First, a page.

Thursday, April 24, 2008

Writing a Chapter, and Answering Some Questions

Yesterday, I posted the chapter I had drafted on codes for the hoped for book on CS aimed at high school sophomores. (You'll also note I now have a link to Bernard Chazelle's marvelous essay, The Algorithm: Idiom of Modern Science. Bernard agreed to "donate" this essay to this book projects two years ago, and has again given permission for its use.) I just wanted to clarify, the chapter did not take long to write. There was some background time in thinking about what I wanted to present, and time for looking a few things up. The actual writing, though, took something like 3 half-days during the summer, and that includes pictures. While your mileage may vary, I don't think this project should be a time sink for anyone. I'd like to think that if you made it a priority, it could be done fairly quickly.

The chapter was designed to cover what I think are important features:
  1. A simple introduction, based on (hopefully) easy-to-follow examples.
  2. An explanation of why this is important in "the real world".
  3. Important past results, that are known and understood. (Here, Reed-Solomon codes and LDPC codes.)
  4. A goal for the future. (In this case, network codes, and figuring out how they might actually be used in networks.)
  5. Links/pointers to relevant references.
I don't think the chapter is perfect. (Feel free to send me suggestions.) But I do think this chapter is good. And that is a key point that answers many of the questions I receive about this project, about why I choose to do things one way or another. Right now, there really isn't a book/resource like what I think I have in mind. I'd rather have something that's good up in a year, rather than aim for something perfect that will take forever. "The perfect is the enemy of the good" applies here in my mind.

Other questions:

1) Why not do it in a wiki?

Answer: I've explained some in comments-- I don't think a wiki is appropriate for a "creative writing" exercise. Also, I'd like some actual commitment from authors, and I'd like them to get credit for their work. (If this all works out, you can put this on your next NSF grant application as your broad educational service.)

2) Why focus on "theory"?

Answer: It's that perfect/good thing. I'd like something coherent, that I'm qualified to manage, that can be done in a reasonable time frame. That means some focus, and I'm choosing to focus on theory. (And theory, in my mind, needs the PR.)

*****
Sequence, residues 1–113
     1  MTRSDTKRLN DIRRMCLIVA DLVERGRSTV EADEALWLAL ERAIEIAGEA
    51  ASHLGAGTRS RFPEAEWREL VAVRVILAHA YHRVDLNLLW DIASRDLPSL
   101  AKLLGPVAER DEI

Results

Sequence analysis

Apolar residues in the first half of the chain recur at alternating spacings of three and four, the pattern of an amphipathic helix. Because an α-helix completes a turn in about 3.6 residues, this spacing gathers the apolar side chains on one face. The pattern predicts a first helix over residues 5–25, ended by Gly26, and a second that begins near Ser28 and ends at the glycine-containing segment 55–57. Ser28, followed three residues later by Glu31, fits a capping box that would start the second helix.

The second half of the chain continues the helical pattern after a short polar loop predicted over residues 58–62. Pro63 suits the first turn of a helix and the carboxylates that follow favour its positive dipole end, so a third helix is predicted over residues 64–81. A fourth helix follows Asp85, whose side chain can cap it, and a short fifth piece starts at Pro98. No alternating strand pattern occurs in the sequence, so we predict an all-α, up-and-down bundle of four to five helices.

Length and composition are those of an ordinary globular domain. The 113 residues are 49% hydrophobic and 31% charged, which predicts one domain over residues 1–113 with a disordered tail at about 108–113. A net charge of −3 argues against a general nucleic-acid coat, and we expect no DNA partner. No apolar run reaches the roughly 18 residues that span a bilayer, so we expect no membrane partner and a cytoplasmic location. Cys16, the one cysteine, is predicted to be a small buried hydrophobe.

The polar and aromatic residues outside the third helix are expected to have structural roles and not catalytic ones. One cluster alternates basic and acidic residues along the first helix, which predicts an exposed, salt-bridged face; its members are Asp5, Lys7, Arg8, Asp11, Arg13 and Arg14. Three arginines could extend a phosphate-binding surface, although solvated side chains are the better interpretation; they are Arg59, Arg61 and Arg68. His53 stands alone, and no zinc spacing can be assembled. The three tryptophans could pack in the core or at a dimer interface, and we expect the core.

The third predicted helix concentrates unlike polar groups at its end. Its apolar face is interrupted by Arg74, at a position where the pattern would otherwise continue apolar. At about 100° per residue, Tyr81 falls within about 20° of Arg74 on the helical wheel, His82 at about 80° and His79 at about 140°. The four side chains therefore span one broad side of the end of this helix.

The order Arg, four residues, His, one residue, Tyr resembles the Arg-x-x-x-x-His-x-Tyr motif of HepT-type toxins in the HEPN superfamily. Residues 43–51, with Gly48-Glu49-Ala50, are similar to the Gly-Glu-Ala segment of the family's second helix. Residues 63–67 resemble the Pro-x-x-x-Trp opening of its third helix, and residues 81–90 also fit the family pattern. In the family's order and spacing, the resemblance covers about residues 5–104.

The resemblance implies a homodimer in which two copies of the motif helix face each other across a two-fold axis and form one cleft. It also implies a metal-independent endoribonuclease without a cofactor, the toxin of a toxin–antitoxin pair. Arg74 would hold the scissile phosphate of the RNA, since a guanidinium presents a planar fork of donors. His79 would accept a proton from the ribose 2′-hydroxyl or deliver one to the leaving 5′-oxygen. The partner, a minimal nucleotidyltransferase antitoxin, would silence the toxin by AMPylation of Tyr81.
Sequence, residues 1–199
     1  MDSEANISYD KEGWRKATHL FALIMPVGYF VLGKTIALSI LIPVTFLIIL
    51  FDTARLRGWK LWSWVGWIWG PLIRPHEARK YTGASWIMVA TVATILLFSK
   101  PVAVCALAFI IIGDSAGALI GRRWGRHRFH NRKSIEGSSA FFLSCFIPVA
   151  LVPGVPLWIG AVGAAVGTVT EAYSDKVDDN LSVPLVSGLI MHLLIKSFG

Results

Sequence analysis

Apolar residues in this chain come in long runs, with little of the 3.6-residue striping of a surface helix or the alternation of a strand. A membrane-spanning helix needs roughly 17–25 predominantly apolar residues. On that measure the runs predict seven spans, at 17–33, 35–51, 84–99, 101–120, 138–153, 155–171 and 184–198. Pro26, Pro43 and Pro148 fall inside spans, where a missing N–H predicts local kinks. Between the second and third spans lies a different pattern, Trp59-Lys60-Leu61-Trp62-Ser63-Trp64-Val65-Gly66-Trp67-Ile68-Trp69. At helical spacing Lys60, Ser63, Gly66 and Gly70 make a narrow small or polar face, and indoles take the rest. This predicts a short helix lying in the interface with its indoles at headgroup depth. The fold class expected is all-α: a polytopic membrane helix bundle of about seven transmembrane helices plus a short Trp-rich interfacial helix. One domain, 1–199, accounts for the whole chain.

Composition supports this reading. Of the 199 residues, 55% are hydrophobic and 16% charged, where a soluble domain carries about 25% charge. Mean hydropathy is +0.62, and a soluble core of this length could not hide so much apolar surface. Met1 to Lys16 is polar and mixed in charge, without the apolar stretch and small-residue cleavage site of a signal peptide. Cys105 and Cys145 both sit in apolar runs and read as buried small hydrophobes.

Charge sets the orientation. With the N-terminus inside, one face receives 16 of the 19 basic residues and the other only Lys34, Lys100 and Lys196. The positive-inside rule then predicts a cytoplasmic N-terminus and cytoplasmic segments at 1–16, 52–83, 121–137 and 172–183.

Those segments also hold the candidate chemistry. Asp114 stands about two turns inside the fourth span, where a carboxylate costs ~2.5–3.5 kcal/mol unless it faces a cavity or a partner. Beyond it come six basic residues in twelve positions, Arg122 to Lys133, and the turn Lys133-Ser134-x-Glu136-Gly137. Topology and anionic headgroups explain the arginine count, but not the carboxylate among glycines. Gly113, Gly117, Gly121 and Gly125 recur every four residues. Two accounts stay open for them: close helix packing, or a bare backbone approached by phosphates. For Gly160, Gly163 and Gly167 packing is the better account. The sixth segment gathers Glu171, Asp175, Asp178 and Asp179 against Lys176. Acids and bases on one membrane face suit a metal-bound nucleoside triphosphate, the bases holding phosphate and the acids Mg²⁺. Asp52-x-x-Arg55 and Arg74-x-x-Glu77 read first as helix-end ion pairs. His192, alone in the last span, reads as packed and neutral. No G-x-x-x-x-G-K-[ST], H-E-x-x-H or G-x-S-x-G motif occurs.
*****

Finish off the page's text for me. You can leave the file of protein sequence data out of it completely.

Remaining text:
If this works out, we can expand to other volumes. Heck, I'll manage/edit volume 2, communications and networking. Then I'll hand it off to someone else.

3) Who do you want to volunteer?

Answer: I'll be honest -- I have a very strong preference for Ph.D.'s (over graduate students), and I'd generally prefer "name" professors/research scientists -- we need at least some of those, so we can start developing some of that cult of personality in our field, and so the book will carry some weight with publishers and other outsiders. But I'd be open to any and all good ideas.

4) Timeline?

Answer: Well, I'll talk about "management" more next post. But I'd hope that a dozen or so people could be convinced to take some time over the summer -- maybe a week or so -- and write up a chapter draft. But since last time that sort of schedule seemed too optimistic, I'd be thrilled to get chapters by the end of the year....
Next post: ideas on management?


Anonymous said...

I'm curious about the range of subjects you'd like to see included. How broad of a net are you using to define "theory"? I'm assuming that it would include machine learning and AI ... what about things like programming language semantics, or database theory? If you posted a list of proposed topics it would undoubtedly generate some interesting discussion here.

Anonymous said...

Programming language semantics are closer to theory than a lot of AI. The problem, of course, is that the entire field is ungodly boring!

But certainly:
Learning Theory
Game Theory
Complexity Theory
Approximation Algorithms

all have the potential to lend themselves to sexy chapters and captivating problems.

Anonymous said...